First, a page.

Massive Yongsan project in danger of bankruptcy
Back in 2007, the government painted a rosy picture. It talked about turning the area that was mainly made up of Korail’s train warehouses into a large international complex, consisting of offices, shopping malls, hotels and apartments.
It wanted to make the district a landmark of East Asia, full of skyscrapers, including a handful of 100-story buildings.
The total area of the landmass was estimated to be 566,000 square meters (140 acres). The whole project was estimated to be worth 82 trillion won ($75.5 billion), creating around 400,000 new jobs. The project was separate from the development of the U.S. base nearby.
After the announcement, the property price of the area surged.
However, in the wake of the 2008 global financial crisis, the ambitious plan went off the rails.
First of all, the government had trouble financing the 31 trillion won needed to begin the project. It couldn’t even finance 8 trillion won to purchase the land from Korail.
The 29 corporations that made investments in the project had conflicts with the land owner, Korail, about how to finance the project for the past five years.
When the project needed emergency funds, the investors had to take out loans from banks, using the land as collateral. Without any solution to raise the funds, the project saw debt piling up even before it began.
One of the causes stemmed from the falling profitability of the Yongsan project in the aftermath of the financial crisis.
International businesses that once intended to buy buildings in the region decided not to do so for financial reasons.
“Prices of buildings and houses in the region were estimated to make lower profits than expected,” said Kim Sun-deok, head of the Construction Industry Strategy Research.
Another cause was that the country’s real estate market was pushed into a deep recession, causing the price of the Yongsan areas to decline.
As the outlook for profitability became dire, the investors had to cope with growing risks, sparking fierce conflicts among them.
Samsung C&T, a major stakeholder, decided to drop out of the project in August 2010. The company had been leading the project as the largest shareholder of Yongsan Development Corporation, an asset management unit of the Dream Hub Project Finance Investment, the overseer of the whole project.
Dream Hub claimed Samsung C&T was hindering financing via an advance payment guarantee and demanded Samsung withdraw from the project. The overseer thought financing through payment guarantee would be possible without Samsung.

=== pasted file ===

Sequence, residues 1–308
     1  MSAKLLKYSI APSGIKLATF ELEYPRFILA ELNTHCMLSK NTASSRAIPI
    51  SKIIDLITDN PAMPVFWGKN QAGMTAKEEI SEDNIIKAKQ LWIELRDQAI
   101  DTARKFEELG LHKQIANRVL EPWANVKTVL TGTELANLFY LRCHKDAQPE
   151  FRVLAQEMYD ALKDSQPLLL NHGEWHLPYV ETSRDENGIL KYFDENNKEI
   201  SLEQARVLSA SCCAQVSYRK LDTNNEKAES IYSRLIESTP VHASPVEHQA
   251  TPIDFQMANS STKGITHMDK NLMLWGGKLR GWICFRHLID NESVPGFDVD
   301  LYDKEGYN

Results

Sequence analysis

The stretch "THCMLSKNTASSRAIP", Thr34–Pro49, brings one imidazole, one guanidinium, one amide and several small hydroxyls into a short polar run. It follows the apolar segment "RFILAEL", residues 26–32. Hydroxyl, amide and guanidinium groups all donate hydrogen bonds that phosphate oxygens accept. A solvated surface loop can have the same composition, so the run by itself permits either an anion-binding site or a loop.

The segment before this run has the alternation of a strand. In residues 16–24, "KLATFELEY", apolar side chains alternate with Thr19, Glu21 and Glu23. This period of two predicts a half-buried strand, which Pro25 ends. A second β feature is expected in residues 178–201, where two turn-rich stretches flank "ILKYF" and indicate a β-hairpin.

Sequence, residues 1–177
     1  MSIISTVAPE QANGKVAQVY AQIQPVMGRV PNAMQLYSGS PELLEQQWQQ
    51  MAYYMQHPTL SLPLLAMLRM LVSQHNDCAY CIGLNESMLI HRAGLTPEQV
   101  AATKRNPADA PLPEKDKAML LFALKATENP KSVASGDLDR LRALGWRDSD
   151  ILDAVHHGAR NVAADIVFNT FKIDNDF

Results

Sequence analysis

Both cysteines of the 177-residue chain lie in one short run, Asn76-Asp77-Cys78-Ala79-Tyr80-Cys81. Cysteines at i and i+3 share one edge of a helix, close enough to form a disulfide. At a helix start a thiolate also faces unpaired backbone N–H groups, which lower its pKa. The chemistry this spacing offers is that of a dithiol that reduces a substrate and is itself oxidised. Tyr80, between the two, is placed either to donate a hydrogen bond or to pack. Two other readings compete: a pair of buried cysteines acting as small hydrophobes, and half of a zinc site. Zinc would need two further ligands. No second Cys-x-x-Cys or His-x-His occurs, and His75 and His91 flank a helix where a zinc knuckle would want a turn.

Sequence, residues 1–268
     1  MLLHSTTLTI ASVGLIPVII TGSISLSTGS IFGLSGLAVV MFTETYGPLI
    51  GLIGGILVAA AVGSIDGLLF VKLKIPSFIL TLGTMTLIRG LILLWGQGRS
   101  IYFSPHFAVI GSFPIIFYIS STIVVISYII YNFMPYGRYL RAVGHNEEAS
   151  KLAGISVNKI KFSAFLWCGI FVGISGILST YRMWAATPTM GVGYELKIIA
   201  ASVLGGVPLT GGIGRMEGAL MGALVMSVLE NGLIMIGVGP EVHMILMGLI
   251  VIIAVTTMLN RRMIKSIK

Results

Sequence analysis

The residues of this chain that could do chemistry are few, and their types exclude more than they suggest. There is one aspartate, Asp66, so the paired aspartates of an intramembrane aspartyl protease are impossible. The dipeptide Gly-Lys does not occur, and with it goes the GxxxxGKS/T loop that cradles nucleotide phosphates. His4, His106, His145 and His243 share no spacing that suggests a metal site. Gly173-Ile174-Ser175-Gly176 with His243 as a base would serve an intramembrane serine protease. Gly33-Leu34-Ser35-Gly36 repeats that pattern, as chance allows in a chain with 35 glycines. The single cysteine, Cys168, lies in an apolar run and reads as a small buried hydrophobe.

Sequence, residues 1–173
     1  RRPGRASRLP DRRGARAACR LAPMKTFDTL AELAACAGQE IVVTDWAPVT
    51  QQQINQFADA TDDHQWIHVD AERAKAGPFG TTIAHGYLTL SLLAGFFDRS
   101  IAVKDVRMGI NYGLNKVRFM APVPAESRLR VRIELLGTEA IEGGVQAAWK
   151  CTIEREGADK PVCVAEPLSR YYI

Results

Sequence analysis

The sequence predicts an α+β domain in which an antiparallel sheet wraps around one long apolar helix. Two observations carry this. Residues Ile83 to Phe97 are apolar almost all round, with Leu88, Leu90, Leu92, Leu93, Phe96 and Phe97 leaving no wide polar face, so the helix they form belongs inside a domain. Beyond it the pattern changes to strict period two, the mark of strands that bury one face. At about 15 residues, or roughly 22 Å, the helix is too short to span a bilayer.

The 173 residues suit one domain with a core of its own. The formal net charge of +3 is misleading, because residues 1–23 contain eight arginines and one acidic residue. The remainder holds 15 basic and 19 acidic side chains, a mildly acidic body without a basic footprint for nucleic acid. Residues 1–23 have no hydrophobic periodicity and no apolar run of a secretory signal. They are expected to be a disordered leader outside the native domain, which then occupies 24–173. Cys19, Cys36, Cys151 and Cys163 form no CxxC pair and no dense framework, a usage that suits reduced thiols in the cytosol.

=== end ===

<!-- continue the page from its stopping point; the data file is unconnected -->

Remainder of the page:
However, none of the other construction companies volunteered to receive advance payment guarantees.
After Samsung left the project, the investors couldn’t find another company to take Samsung’s place in the agreement.
Korail and the remaining investors had different views on how to proceed with the development plan.
While Korail insisted on a phase-by-phase development plan, the private investors argued the plan would cause high inefficiency and delay completion of the project.
They also said autonomy of each investor would be undermined if Korail exercises too much power on the project.
While the two parties are engaged in a tug-of-war, there is not enough time left for the Yongsan Development Corporation to cover its 5.9 billion won in loan interest, which is due by March 12. It only has 900 million won in its coffers.
There is no other way to pay the interest, since Korail refused to provide collateral to help issue 300 billion won worth of asset-backed commercial paper yesterday.
In December, the private investors opposed issuing 250 billion won worth of convertible bonds.
If the Yongsan Development Corporation goes bankrupt, this project would also collapse, causing severe consequences in terms of socio-economics. The investors have so far invested one trillion won as basic capital for the project. The investment will disappear if the project is scrapped.
“Some of the companies would have problems in management as they won’t be able to withdraw the initial investment,” said an official at a construction company.
Korail would also lose the opportunity to make up its deficits. The company currently is burdened with 4.5 trillion won in debt incurred by the government’s plan to build railways for KTX.
Residents in Yongsan District would also be victims. Since 2007, about 2,200 households there weren’t able to use any financial options to receive loans since their properties became part of the project.
“If the project turns out to be a failure, the residents will be the biggest victims,” said Kim Chan, a group leader in the district.
“It is certain that the land and housing prices will plunge after the project fails, aggravating the current slump in the real estate market,” said Lee Nam-soo, a manager at Shinhan Bank’s real estate team.
The Korean government would also have to bear international humiliation if it cancels the project, since it tried to attract foreign engineering businesses to design new buildings for the complex.
“There were too many stakeholders involved in this project, while profitability kept falling due to the economic situation,” said Doo Seong-kyu, a director at the Construction Economy Research Institute.
By Hwang Jeong-il [firstname.lastname@example.org]